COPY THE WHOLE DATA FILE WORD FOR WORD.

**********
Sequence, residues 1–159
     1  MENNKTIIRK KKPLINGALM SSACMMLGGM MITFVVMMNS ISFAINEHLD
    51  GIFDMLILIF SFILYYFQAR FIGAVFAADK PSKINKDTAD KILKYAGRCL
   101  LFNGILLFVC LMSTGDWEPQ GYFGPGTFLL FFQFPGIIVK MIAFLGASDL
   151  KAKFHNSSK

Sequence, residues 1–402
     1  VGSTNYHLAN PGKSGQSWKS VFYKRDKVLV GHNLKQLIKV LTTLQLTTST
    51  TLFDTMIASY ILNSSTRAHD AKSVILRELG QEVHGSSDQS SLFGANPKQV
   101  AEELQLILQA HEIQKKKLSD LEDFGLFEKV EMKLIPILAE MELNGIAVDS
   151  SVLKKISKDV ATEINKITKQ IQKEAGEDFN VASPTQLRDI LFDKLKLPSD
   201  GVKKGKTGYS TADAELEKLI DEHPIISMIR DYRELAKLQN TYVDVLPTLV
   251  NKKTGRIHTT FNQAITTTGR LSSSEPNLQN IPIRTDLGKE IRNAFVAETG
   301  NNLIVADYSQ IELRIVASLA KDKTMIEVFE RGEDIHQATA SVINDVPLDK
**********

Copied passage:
Sequence, residues 1–159
     1  MENNKTIIRK KKPLINGALM SSACMMLGGM MITFVVMMNS ISFAINEHLD
    51  GIFDMLILIF SFILYYFQAR FIGAVFAADK PSKINKDTAD KILKYAGRCL
   101  LFNGILLFVC LMSTGDWEPQ GYFGPGTFLL FFQFPGIIVK MIAFLGASDL
   151  KAKFHNSSK

Sequence, residues 1–402
     1  VGSTNYHLAN PGKSGQSWKS VFYKRDKVLV GHNLKQLIKV LTTLQLTTST
    51  TLFDTMIASY ILNSSTRAHD AKSVILRELG QEVHGSSDQS SLFGANPKQV
   101  AEELQLILQA HEIQKKKLSD LEDFGLFEKV EMKLIPILAE MELNGIAVDS
   151  SVLKKISKDV ATEINKITKQ IQKEAGEDFN VASPTQLRDI LFDKLKLPSD
   201  GVKKGKTGYS TADAELEKLI DEHPIISMIR DYRELAKLQN TYVDVLPTLV
   251  NKKTGRIHTT FNQAITTTGR LSSSEPNLQN IPIRTDLGKE IRNAFVAETG
   301  NNLIVADYSQ IELRIVASLA KDKTMIEVFE RGEDIHQATA SVINDVPLDK